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A  noted  social entrepreneur,  he  created  one  of  the  internet's  first webseries  before  founding, Project Catalyst, the  first-ever 

streaming platform specializing  in  entertainment  by  and  for  global  communities of  color.  For the platform's  development, he was awarded  the Cinema  Research  Institute  Fellowship  for  innovation  in  film. 

Dr. Great   has   taught   courses   on   cinema, television,   and   visual   culture   at   UCLA,   NYU,   and   Spelman College.   He  currently serves as the George and Judy Marcus  Endowed Chair  in  African-American  Cinema Studies  and  Assistant Professor of            Critical Studies in the San Francisco State University, School of Cinema.  He  is  often  called  upon  as  a  media  commentator and critic-at-large. His work has appeared in popular outlets like The New York Times, CNN, and USA Today. His signature essay

"Black Cinema Matters" was published in The New Republic Magazine. He is the co-editor, alongside Ed Guerrero,  of the forthcoming book Black Cinema and Visual Culture: Art and Politics in the Twenty-First Century,  (2022).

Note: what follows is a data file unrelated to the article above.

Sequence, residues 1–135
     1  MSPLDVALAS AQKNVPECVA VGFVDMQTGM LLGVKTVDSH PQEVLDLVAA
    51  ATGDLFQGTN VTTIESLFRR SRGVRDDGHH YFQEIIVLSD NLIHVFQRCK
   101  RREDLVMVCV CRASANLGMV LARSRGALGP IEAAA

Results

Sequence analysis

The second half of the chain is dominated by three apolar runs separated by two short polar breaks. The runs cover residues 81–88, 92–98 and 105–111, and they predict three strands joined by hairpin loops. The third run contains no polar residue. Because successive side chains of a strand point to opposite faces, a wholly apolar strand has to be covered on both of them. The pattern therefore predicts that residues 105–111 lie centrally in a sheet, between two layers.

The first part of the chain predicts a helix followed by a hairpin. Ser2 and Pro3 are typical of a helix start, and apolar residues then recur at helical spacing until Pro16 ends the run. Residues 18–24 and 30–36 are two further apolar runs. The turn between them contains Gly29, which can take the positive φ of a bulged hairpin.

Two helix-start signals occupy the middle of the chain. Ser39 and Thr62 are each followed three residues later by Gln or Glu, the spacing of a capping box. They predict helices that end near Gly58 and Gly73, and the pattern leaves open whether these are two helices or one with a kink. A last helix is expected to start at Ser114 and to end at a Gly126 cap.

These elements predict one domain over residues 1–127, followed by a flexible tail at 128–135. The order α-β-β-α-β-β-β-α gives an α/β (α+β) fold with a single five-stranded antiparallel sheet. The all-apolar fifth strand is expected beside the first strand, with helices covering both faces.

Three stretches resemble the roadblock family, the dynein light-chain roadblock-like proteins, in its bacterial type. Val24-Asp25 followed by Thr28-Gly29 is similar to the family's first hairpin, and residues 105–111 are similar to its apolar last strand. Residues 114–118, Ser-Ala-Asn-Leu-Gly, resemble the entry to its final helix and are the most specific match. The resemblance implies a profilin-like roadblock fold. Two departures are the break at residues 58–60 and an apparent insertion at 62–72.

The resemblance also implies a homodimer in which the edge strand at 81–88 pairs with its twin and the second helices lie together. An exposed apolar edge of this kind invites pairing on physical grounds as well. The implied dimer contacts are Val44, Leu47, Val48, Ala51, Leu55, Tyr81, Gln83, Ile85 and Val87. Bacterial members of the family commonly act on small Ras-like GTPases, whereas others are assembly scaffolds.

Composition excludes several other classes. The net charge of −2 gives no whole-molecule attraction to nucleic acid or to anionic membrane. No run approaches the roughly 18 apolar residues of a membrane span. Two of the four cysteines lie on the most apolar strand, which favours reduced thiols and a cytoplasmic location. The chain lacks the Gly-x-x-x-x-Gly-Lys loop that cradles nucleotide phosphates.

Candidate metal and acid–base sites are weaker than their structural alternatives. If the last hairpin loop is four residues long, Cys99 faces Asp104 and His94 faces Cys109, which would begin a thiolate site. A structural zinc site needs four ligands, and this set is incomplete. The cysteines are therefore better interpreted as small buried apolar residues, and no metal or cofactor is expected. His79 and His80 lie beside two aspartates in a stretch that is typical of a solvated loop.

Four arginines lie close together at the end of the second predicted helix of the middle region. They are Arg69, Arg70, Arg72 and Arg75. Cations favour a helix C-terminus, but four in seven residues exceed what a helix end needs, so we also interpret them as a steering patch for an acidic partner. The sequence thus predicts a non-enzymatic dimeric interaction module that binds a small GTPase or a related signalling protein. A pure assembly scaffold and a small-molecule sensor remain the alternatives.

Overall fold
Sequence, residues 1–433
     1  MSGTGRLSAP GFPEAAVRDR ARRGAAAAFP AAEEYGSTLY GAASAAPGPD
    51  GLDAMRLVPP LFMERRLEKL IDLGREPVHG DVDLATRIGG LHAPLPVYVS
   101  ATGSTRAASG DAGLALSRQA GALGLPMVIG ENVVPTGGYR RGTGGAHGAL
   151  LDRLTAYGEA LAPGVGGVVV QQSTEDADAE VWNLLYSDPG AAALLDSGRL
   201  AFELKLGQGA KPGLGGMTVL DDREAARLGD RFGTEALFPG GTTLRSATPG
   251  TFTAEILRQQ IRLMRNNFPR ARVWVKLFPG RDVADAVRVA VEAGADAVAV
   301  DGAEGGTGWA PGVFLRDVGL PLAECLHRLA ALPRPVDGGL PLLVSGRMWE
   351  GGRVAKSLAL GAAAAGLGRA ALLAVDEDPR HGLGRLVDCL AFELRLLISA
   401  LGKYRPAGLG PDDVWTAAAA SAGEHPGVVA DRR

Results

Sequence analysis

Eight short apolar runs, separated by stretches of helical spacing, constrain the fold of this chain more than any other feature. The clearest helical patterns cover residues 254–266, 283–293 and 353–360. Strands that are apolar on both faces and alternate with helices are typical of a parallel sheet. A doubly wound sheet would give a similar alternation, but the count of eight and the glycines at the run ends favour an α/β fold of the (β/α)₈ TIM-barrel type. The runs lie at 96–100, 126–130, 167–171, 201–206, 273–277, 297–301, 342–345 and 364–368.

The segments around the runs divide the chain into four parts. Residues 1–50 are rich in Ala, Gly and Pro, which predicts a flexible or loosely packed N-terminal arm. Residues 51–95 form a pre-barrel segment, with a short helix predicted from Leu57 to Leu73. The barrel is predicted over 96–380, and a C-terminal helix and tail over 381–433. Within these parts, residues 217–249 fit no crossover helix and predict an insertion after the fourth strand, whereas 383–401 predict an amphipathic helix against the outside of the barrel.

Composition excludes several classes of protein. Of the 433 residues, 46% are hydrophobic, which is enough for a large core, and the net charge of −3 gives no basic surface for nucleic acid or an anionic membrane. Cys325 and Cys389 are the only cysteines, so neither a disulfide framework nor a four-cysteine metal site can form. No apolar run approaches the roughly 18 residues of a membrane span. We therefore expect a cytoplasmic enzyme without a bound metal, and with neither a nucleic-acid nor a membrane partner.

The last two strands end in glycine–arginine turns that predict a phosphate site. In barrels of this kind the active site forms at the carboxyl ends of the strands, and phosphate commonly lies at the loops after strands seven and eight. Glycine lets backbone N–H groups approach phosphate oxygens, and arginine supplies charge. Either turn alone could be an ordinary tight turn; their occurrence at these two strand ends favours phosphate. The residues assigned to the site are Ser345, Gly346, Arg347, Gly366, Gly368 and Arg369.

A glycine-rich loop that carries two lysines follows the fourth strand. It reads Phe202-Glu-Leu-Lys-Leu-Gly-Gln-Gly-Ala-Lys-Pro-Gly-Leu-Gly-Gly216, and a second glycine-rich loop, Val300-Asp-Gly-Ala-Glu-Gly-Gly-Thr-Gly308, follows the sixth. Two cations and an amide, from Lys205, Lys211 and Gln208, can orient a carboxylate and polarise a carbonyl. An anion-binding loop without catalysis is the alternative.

He is the writer/director of the debut feature LOVE LIKE WINTER (2020, single-channel narrative) and his sophmore effort, 

LOVE WALKS IN is currently in post-production. These films represent the first two installments of his planned tetralogy, "The Love Cycle," a collection that explores the rituals of Black love in America. His  films have been  featured  in  major  multiplexes  and              art-house theaters, both nationally and internationally at film festivals  and  museums,  as  well  as  on  Netflix,  Amazon,  cable,  and  broadcast television.

(b. Chicago, IL) Dr. Artel Great is an American artist, Independent SPIRIT Award-nominated filmmaker, and cultural critic whose body  of  work  explores  critical intervention  through  conceptually  innovative  frameworks.  He is a Black cinema scholar and leading authority on race and popular culture.


His socially-engaged film practice approaches  Black cinema and visual culture as a form of creative activism that addresses the myriad  links  between  art and politics.  He is also known for his supporting roles  in  several Hollywood  studio films  including, the box-office hit Save the Last Dance,  Oprah Winfrey's Their Eyes Were Watching God,  and his award-winning performance, opposite Jeremy Renner, in the cult classic, Dahmer.  

Dr. Great is  the first Black valedictorian at UCLA Film School, where he graduated summa cum laude and  holds both  his B.A.  and M.A. degrees.  He later  earned his PhD in Cinema Studies  at New York University, Tisch School of the Arts.